States are in the driver’s seat when it comes to improving their struggling schools. But how can we make sure they’re not taking the “path of least resistance” when it comes to this important work, risking the academic prospects for students of color.
Building on the work done by Bellwether Education Partners, which conducted independent peer reviews of all 50 states’ and the District of Columbia’s ESSA plans that were required to be submitted to the U.S. Department of Education for approval, the Collaborative for Student Success analyzed plans to see which states are taking advantage of new-found flexibility regarding equity in education. The new report, Check State Plans: Promise to Practice, found that just 17 states met its threshold for even having enough public information to review. The report notes that the results are “sobering” in that “more than 9 million students attend schools that do not meet anyone’s standard for what is acceptable.” This is particularly acute for students of color and who come from low-income families.
The fact is, achievement gaps between white and black students exist. We see this time and again in the National Assessment of Education Progress as well as on individual states’ annual assessments. Students who attend inner city public schools tend to fare worse than their peers in suburban public schools. The gaps are even more pronounced when we look at private schools that draw privileged students away from city institutions. These racial divides segregate communities.
A report from the Young Invincibles examines these divides and developed three main findings: (1) minorities disproportionately enroll in for-profit and community colleges, which can condemn them to a vicious cycle of debt; (2) college costs hit minority students harder than their white peers; and (3) the achievement gap is racially divided. While 36.2 percent of white students completed four years of college in 2015, just 22.5 percent of black students could say the same, according to the analysis.
While that’s much better than the 1974 numbers in which just 5.5 percent of black students finished four years of college compared to 14 percent of white students, that progress leaves little cheer.
State education chiefs and their in-state partners at teaching and research institutions plus educators on the front lines have a real chance to make a difference for black students and other minorities. But do they have the courage to make the necessary changes?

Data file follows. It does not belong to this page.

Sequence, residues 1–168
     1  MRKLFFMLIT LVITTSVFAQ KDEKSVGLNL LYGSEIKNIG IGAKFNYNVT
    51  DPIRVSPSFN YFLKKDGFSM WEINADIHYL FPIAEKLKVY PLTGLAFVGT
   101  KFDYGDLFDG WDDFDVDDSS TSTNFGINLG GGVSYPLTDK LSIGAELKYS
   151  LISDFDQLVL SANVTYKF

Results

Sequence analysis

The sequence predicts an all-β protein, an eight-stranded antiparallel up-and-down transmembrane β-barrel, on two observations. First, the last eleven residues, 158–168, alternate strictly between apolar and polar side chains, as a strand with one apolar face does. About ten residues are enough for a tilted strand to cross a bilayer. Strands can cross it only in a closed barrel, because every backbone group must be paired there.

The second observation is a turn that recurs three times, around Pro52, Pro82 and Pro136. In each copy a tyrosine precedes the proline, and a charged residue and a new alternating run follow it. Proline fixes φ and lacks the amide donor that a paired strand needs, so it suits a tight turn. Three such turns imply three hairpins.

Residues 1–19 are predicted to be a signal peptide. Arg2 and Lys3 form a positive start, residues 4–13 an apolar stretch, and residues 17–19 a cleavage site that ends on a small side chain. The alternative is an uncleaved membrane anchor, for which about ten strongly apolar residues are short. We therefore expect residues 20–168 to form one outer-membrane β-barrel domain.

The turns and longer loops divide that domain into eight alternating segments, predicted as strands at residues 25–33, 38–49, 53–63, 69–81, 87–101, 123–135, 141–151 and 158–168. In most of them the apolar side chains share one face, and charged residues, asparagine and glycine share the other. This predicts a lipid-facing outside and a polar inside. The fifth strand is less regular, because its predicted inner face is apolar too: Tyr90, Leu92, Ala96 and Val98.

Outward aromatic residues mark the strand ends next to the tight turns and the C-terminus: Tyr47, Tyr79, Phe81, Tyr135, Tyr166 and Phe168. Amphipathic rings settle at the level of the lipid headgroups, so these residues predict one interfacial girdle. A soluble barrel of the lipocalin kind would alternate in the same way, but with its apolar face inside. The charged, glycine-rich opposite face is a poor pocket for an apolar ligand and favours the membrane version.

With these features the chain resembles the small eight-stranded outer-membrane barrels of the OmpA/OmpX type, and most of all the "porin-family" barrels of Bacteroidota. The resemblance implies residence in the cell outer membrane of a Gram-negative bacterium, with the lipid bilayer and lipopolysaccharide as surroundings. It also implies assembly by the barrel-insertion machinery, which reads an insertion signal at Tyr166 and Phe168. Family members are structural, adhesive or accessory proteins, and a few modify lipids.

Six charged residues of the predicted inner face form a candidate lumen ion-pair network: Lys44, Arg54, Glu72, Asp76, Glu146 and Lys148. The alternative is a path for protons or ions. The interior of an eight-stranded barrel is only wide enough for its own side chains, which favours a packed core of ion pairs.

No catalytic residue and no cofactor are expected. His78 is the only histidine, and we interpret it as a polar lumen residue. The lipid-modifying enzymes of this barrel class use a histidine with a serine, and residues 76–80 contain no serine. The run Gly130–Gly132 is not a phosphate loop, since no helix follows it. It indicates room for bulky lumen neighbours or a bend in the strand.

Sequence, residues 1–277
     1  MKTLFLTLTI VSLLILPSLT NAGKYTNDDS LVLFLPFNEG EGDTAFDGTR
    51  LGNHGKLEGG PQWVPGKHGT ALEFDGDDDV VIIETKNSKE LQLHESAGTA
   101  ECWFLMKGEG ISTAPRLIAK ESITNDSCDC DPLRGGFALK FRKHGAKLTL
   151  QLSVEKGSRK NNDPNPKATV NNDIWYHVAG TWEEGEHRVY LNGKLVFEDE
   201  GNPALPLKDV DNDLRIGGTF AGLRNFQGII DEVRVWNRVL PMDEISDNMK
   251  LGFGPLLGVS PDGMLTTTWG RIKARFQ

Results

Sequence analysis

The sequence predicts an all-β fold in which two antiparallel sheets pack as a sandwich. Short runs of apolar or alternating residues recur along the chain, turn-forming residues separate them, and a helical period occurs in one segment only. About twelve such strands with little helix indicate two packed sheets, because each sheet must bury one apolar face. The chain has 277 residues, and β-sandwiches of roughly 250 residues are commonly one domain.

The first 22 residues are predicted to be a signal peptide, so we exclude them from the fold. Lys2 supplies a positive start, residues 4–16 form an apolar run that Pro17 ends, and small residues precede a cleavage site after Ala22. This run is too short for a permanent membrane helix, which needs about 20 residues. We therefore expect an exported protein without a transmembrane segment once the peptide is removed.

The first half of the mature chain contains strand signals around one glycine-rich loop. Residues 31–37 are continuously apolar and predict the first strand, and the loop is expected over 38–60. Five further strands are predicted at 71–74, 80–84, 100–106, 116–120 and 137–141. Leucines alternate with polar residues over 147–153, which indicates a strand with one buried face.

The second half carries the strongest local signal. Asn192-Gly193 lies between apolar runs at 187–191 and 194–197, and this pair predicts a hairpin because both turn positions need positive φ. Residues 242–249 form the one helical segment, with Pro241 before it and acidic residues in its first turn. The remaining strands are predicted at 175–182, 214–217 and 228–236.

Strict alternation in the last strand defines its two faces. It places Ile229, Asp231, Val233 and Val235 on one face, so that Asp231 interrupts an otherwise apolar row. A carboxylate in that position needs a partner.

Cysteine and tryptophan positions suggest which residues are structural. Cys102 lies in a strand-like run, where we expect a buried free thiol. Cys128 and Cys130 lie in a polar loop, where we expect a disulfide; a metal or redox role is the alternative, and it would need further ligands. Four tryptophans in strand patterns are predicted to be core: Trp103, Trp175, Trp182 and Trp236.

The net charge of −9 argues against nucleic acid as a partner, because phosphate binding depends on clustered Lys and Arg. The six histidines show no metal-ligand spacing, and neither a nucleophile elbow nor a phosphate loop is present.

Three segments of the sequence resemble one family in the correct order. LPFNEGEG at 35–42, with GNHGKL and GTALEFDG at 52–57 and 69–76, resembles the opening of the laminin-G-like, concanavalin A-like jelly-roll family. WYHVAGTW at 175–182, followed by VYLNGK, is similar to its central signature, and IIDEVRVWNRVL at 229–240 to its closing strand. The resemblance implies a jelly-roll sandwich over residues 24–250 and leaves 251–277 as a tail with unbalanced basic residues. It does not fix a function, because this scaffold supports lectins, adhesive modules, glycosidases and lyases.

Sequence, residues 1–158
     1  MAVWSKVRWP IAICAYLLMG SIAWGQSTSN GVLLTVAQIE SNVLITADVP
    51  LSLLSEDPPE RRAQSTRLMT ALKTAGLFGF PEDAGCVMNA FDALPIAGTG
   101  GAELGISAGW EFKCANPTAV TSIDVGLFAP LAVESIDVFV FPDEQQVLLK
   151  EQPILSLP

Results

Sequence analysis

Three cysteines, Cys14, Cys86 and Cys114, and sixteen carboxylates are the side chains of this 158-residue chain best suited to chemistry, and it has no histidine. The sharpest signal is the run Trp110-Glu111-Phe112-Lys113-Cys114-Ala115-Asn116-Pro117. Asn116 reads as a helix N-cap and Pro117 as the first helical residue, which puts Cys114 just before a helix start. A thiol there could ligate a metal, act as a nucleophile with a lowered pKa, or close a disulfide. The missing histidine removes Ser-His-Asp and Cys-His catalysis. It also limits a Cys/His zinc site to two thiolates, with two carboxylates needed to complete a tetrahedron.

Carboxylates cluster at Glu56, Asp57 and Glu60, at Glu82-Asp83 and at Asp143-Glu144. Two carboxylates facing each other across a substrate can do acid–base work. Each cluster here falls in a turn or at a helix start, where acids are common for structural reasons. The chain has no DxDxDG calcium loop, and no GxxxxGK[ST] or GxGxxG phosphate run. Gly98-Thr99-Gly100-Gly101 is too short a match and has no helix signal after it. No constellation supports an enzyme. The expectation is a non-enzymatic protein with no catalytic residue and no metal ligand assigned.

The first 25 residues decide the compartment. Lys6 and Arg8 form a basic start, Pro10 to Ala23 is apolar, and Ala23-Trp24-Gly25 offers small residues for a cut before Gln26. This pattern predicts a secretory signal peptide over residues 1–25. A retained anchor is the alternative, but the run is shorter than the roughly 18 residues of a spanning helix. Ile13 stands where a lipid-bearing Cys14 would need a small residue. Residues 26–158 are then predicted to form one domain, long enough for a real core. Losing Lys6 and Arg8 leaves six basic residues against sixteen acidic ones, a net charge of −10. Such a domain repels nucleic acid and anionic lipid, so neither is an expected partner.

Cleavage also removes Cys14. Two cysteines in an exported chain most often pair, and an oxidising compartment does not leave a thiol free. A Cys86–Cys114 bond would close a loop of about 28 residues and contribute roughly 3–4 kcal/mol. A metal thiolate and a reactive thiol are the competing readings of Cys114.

The Collaborative’s report is a good starting point, and it provides a roadmap written by education and policy leaders who are displaying the courage necessary to create bold plans that prioritize equity. Low-performing schools must be identified as such and be given real plans with real accountability measures to improve. There have to be consequences for students who don’t make the grade, but for too long, our education system as a whole has punished students by not giving them the tools they need to succeed. As such, the Promise to Practice reviewers evaluated state plans based on a rubric that included whether the state has a coherent vision for improving student outcomes, whether there is a strategic use of funding and alignment of resources, the use of evidence-based interventions, and how well state leaders engaged stakeholders. That last component is perhaps one of the most interesting aspects of ESSA – federal lawmakers required states to gather input from a wide range of groups outside of traditional education. Civic groups, business leaders, parents and community activists were given a seat at the table.
We watched excitedly as several NAACP groups got involved from the very beginning, helping policy and lawmakers understand community and even neighborhood needs for the betterment of students. Still, it disheartening to learn that just 17 states are ready to identify and provide the kinds of supports that low-performing schools require.
Elizabeth Primas is an educator who spent more than 40 years working to improve education for children. She is the program manager for the NNPA’s Every Student Succeeds Act Public Awareness Campaign. Follow her on Twitter @elizabethprimas.